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We observe an increase in the number of cases of severe irreversible corneal oedema after laser iridotomy (LI), and the disorder is one of the common reasons for corneal oedema in Japan. In order to study clinical characteristics of the disorder, we analysed data of 98 consecutive eyes with LI-induced corneal oedema that was treated by our hospital between 1995 and 2005. This number represents approximately 3.6% of the total number of corneal transplants, and the incidence seems to be increasing (table 1). The mean duration between LI and first visit was 7.4 years. Prophylactic purpose, especially for the treatment of occludable angle was the leading cause of LI. In 28 eyes in which the laser type was identified, 27 eyes use argon laser (96.4%). The mean number of laser pulses was 421 (range 6–1990), and the mean laser energy was 22.5 J (range 0.9–80.2). At the time of initial examination, corrected visual acuity ranged from light perception to 20/30, with a mean value of 0.029. Eight eyes (8.2%) had pre-existing glaucoma.
All patients received corneal transplantation, associated with cataract surgery in most cases (table 2) With a mean follow-up period of 36.1 months, 91 grafts (92.9%) remained clear, among which, seven eyes received repeated corneal transplantation. Graft rejection was noted in eight eyes (8.2%), and postsurgical glaucoma was noted in 18 eyes (18.4%).
Primary angle-closure glaucoma (PACG) is responsible for a large percentage of the glaucoma-blind population, especially in East Asia. In a recent Japanese survey, the prevalence of primary angle closure (PAC) and PACG in those over 40 years was estimated to be 1.3% and 0.6%, respectively.1 LI is the recommended therapy for both PACG and PAC. Although it is considered safer and easier than surgical iridectomy, the present results demonstrate that an irreversible corneal oedema may develop as a late complication. Most of the previous studies reported sporadic case series,2 3 and this report takes into account a large number of cases.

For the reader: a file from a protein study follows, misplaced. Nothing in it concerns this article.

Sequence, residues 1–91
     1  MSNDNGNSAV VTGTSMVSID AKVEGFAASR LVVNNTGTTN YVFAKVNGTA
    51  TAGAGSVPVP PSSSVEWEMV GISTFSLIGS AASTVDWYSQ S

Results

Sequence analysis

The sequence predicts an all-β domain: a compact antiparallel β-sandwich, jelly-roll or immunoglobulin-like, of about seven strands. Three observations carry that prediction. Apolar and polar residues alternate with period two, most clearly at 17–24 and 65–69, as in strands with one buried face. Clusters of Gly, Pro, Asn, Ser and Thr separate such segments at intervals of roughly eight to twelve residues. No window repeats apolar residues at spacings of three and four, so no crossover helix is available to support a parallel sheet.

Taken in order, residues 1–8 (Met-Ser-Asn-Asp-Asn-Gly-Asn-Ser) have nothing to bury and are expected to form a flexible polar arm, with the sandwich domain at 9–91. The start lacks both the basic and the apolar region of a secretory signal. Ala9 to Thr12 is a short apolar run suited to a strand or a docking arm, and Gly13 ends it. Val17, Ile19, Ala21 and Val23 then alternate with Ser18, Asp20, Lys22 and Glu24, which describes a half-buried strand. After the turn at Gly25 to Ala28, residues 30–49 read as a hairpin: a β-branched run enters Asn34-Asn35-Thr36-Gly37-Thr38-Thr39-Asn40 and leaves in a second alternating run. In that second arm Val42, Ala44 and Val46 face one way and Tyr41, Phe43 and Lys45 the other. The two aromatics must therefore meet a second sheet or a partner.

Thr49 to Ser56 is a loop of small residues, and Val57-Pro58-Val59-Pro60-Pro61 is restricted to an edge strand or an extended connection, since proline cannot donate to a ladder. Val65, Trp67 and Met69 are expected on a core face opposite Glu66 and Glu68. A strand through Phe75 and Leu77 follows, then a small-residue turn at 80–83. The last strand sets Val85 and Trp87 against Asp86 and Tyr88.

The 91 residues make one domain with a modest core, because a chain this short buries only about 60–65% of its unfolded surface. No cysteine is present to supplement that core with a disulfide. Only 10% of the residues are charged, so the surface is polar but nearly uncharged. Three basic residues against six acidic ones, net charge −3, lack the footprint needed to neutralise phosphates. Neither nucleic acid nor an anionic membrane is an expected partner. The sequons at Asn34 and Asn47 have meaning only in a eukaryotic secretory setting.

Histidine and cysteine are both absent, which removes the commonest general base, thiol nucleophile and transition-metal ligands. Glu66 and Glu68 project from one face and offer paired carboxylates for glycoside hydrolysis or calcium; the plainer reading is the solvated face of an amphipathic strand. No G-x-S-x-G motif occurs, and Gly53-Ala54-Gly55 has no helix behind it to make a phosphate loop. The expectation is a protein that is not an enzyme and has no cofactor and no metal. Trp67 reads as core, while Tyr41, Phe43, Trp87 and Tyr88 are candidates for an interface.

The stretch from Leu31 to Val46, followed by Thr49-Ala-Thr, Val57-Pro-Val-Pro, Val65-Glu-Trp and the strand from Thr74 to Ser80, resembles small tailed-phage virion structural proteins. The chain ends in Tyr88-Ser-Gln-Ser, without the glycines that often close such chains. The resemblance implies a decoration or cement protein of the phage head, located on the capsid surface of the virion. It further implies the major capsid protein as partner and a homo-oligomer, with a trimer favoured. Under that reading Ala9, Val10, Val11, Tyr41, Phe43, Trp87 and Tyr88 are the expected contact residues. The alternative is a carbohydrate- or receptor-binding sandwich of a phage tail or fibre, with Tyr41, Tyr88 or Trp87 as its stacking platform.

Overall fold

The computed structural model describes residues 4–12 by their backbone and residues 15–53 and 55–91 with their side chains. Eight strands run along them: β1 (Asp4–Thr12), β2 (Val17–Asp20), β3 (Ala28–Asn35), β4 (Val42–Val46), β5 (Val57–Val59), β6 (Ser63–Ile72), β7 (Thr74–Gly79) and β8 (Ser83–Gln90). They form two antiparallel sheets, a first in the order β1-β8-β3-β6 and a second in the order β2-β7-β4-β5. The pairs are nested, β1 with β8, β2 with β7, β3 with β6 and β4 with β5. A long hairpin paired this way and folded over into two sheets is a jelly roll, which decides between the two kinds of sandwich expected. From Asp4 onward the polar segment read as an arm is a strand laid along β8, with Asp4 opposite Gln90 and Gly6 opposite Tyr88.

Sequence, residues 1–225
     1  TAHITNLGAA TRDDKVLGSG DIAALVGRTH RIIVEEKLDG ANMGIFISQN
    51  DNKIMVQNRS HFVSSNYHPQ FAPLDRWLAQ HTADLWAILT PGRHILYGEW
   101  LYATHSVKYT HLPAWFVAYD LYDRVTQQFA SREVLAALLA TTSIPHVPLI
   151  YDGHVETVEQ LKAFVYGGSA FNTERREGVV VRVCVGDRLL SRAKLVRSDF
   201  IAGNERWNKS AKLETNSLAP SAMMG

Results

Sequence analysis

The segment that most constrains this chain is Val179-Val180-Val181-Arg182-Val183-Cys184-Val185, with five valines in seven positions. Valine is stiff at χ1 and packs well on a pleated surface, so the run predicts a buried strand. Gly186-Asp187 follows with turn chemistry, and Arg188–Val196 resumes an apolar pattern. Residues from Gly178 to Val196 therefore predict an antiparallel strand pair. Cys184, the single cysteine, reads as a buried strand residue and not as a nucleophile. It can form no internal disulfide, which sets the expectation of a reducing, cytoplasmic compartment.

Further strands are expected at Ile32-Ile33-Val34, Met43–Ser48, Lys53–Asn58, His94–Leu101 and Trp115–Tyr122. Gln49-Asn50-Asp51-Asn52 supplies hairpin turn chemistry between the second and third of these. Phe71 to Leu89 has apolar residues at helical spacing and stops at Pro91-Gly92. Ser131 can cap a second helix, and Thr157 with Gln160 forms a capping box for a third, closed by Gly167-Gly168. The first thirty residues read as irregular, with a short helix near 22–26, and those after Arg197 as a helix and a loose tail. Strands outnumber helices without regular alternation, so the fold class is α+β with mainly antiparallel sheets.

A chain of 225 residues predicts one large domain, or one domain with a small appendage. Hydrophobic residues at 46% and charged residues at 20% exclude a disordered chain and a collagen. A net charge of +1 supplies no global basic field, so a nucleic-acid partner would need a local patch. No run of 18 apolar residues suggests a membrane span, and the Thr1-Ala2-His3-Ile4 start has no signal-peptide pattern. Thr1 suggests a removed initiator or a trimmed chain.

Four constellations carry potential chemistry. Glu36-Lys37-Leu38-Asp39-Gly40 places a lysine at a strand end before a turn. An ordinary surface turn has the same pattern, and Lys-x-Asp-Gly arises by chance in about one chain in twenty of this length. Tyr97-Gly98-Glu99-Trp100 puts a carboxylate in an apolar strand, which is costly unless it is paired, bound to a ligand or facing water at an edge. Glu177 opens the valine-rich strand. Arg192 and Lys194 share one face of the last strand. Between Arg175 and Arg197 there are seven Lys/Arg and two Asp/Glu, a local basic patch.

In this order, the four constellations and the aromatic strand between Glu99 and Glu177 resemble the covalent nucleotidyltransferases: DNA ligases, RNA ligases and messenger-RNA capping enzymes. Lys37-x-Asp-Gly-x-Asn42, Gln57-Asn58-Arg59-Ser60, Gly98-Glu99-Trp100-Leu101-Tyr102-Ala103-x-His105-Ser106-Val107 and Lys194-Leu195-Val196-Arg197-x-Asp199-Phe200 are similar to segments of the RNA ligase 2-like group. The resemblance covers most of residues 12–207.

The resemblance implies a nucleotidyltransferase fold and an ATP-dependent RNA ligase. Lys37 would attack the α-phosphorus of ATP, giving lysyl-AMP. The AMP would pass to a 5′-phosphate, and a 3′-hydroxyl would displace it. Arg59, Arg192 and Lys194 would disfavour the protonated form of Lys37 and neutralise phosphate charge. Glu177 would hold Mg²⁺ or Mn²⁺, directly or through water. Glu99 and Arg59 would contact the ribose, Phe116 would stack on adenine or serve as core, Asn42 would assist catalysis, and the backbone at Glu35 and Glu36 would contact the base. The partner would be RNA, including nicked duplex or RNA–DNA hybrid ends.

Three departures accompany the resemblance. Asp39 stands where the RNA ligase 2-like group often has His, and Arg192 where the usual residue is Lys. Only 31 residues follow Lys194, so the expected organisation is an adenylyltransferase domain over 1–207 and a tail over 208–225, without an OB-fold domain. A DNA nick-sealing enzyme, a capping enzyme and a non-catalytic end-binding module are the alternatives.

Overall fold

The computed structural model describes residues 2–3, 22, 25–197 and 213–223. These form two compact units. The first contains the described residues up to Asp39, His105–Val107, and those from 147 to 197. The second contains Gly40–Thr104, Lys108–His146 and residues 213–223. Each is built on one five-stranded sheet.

According to a recent national survey conducted in Japan, there were 490 eyes of LI-induced corneal oedema between 1999 and 2001,4 and the incidence is growing.5 Based on a questionnaire sent to facilities from which patients were referred to us, the incidence of LI-induced corneal oedema can be estimated as approximately 1.8% of the LIs. Approximately $0.5 million is spent annually on total healthcare costs, and the occurrence of the disorder further exacerbates the shortage of donor corneas.
There are a number of hypotheses regarding the pathogenesis of LI-induced corneal oedema, including increase in temperature in local aqueous humour, breakdown of the blood–aqueous barrier, delivery of high energy, and continuous jetting of aqueous humour toward the corneal endothelium.6 As many of the LI-induced corneal oedemas developed long after LI, chronic abnormalities appear to be the most likely cause. Indeed, the laser energy applied did not appear to exceed the recommended levels to any great extent in many eyes, although high energy levels were employed in some cases in the present study. While the exact pathogenesis remains unclear, the ophthalmologist should consider other options—for example, surgical excision or LI using YAG laser.
Fortunately, the prognosis for LI-induced corneal oedema seems no worse than that for corneal oedema arising from other causes. Simultaneous cataract surgery was performed in most cases, deepening the anterior chamber, and thus potentially altering the anatomical relationship between the iris and cornea.
As the use of lasers is widespread among Asian ophthalmologists, we may predict an increase in LI-related corneal oedema in the near future. Physicians should be aware of this iatrogenic disorder and the fact that laser treatment is not always safe.
We would like to thank J Williams, Tokyo Dental College, for his help with the English in the manuscript.
Competing interests: None.
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